The Platinum Ticket by David Beynon

The Platinum Ticket by David Beynon
Shortlisted for The Terry Pratchett Anywhere But Here, Anywhen But Now First Novel Prize

Thursday, 21 June 2007

Watching my language

Here's a little secret - after you turn forty you can gain weight by looking at something sweet. Actually, it was going on before I turned forty but I recently saw a photo and yes, I've gained a few pounds.

Lately I've taken up an exercise program that involves a stationary bike and some free weights and am basking in the Atlas-esque results. In the past I've read while on the bike. There's a problem with that, however. If I'm interested with what I'm reading I'll keep going forever, but if I find my mind wandering I'll bring a premature end to the work out.

In an effort toward consistency I've taken to watching TV shows on DVD. I hooked up the little DVD player we bought for long car trips into a dusty little corner of the basement close to the bike. I went through the first (and only) season of Firefly - a great series that was canceled and followed up with an equally entertaining feature length movie, Serenity.

I found that I was getting a decent workout at 45 minutes or so per episode, so I decided to go looking for another TV series. I thought about Carnivale, a lovely little freakshow (pun intended) of a series about a bunch of traveling performers in the Depression Era United States. I've seen the first season and loved it but my local video store doesn't have Season 2 on DVD.

I settled, instead on Deadwood. I'd heard about this series and have been pleasantly surprised. It's an old west epic with a great assortment of characters. The first thing that grabs you in the first four minutes of the series is the excessive use of foul language. It's like repeated slaps in the face to begin with but eventually you get used to it - I am refraining from the spousal abuse parallel that's running through my head right now.

The problem with such exposure to colourful language on a daily basis is that it takes increasing effort to keep that colour out of my everyday language. This morning for example - I had to get a few items from the grocery store so I went early on the false assumption that there would be no one there. I guess Thursday must be a senior discount day because there was a sea of grey hair. I gathered my items then checked the lines. Everything stretched on forever except for the express lane.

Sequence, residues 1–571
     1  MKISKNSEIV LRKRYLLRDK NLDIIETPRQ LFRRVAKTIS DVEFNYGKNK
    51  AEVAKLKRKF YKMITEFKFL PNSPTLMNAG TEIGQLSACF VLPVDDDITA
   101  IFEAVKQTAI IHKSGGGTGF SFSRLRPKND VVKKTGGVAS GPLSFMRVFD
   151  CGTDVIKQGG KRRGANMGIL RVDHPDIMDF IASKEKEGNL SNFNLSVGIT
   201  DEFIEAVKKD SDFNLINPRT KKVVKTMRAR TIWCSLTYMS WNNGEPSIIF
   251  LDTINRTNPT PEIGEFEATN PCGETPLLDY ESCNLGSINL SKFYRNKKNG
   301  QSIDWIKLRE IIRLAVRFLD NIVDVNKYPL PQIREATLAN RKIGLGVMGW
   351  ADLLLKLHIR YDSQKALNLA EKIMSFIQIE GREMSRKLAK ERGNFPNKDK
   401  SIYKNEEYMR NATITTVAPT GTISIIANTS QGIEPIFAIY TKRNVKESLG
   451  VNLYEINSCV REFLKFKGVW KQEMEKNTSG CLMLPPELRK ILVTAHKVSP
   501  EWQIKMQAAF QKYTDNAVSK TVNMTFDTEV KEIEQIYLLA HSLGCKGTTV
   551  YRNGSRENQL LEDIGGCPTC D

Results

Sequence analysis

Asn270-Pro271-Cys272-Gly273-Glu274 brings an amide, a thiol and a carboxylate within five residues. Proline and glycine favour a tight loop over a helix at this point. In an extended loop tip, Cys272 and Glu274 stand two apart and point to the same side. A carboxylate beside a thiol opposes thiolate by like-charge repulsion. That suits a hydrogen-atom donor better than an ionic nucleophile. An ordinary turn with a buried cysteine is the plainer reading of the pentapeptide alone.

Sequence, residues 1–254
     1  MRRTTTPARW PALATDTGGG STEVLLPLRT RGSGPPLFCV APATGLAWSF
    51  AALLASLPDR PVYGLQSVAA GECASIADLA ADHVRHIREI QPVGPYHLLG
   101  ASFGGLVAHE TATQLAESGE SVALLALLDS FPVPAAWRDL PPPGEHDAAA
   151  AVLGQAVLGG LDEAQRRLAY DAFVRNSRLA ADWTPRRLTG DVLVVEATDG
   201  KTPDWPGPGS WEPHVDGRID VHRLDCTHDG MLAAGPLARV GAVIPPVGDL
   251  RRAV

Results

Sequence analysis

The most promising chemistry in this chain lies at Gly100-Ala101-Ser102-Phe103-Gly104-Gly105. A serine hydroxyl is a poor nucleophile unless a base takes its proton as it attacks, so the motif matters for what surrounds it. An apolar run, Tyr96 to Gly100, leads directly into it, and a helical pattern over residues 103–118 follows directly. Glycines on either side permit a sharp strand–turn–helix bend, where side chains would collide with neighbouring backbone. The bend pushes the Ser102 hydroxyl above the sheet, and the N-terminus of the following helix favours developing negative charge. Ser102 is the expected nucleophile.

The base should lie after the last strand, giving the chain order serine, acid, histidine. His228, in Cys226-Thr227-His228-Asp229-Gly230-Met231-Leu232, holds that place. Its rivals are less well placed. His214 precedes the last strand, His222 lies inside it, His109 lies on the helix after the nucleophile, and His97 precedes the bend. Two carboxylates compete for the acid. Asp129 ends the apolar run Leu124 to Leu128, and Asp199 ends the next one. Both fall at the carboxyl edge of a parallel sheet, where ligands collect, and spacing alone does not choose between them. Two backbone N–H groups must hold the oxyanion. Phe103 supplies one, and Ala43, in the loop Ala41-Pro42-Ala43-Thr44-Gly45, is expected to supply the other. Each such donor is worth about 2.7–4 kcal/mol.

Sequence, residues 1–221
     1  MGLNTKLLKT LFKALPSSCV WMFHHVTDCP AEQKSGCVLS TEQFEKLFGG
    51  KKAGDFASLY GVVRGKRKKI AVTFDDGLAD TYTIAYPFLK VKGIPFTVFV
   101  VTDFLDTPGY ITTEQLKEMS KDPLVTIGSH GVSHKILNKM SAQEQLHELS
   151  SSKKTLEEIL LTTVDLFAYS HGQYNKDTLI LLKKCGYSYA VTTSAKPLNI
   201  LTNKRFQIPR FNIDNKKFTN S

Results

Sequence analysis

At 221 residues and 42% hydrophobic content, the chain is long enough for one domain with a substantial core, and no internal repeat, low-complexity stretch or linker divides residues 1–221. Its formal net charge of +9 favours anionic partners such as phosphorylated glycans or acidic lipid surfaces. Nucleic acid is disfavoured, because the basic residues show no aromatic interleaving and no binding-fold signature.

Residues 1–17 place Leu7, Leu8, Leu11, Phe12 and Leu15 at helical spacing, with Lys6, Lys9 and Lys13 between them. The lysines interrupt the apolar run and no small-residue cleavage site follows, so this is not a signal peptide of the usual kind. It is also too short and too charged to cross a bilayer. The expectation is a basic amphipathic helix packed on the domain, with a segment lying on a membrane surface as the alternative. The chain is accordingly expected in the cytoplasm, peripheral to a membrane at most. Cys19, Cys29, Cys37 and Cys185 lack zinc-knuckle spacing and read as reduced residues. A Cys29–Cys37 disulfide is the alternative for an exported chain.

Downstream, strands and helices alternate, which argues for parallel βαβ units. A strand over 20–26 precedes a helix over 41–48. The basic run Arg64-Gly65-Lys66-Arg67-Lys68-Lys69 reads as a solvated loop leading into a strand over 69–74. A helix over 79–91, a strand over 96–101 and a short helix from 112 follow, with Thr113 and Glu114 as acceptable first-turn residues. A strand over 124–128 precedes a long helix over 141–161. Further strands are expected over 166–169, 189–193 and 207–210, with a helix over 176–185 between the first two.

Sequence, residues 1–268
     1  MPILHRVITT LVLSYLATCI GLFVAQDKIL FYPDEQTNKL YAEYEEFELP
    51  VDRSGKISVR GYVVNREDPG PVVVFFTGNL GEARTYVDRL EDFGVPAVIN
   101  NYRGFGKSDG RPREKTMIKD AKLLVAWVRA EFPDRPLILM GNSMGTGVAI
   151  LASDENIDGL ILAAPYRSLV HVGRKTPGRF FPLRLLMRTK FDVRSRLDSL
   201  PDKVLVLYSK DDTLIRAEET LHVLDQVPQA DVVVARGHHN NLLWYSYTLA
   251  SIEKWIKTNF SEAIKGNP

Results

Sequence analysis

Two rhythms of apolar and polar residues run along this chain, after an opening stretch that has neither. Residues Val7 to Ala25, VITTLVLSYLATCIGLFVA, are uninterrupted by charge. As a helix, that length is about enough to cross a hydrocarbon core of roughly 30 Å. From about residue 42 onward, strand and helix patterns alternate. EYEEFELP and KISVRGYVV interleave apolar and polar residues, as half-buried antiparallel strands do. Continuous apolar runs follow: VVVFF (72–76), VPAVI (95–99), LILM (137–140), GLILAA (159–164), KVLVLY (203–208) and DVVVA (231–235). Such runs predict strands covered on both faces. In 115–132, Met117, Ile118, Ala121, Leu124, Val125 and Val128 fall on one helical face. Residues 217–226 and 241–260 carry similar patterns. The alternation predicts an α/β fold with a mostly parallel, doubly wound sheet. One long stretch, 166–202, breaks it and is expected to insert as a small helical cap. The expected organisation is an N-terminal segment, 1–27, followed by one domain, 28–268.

Dammit - I had nine items. Looking at the stuff in my basket I shelved an item then headed for the express lane. Just as I got there this old fella spryly slipped into the line ahead of me (He must have a new hip or something and was showing off for the other old folks - usually I'm faster by far than the old guys - especially since I've been working out).

I watched with growing ire as he unloaded 11 items onto the conveyor.

I grabbed him by the shoulder, spun him around and jabbed a finger into his chest.
"Listen here, you fuckin' cocksucker!" I said to him, then pointed to the sign. "It says '8 items or less'. Not nine fuckin' items. Not ten fuckin' items and most assuredly not eleven fuckin' items, you withered cocksuckin' whore-son!
"Now are you gonna shelf a couple of those fuckin' things or are we gonna have ourselves a goddamn situation over here?"

I'm not allowed in our local Zehrs any more.

Wednesday, 20 June 2007

Another week...

It's been a week since I've been here and things are returning to a sense of normalcy.

The basement network computer is ticking along without locking up. All of the computers are networking nicely together, the printer is sharing and the internet is accessible to all. Technologically, everything is great.

The kids and the missus are downing liberal doses of antibiotics. I, once again, dodged the bullet.

The CPAP machine has been an experience. To treat my Apnea, air is forced through my nasal passage via a mask that looks a bit like a cyber-elephant's trunk. The forced air keeps the soft tissue of my throat from relaxing and blocking the airway. According to reliable sources, when I'm wearing that oh-so-attractive headgear, my snoring is a thing of the past. I haven't yet noticed the heightened energy and alertness that is supposed to follow but the literature says that usually takes about a month.

Working on Loremaster right now and have worked around something that needed fixing. I plan to have the complete re-write done by the end of June.

I need to polish From My Father's Hands a bit before submitting it for the Bridport Prize.

On the back burner right now is Nothing's Made to Last. That's unfortunate because the protagonist, Virgil Greene, is just about to have something very interesting happen to him, but I need to get Loremaster put to bed.

I just checked the time and I need to get my daughter corralled and off to school.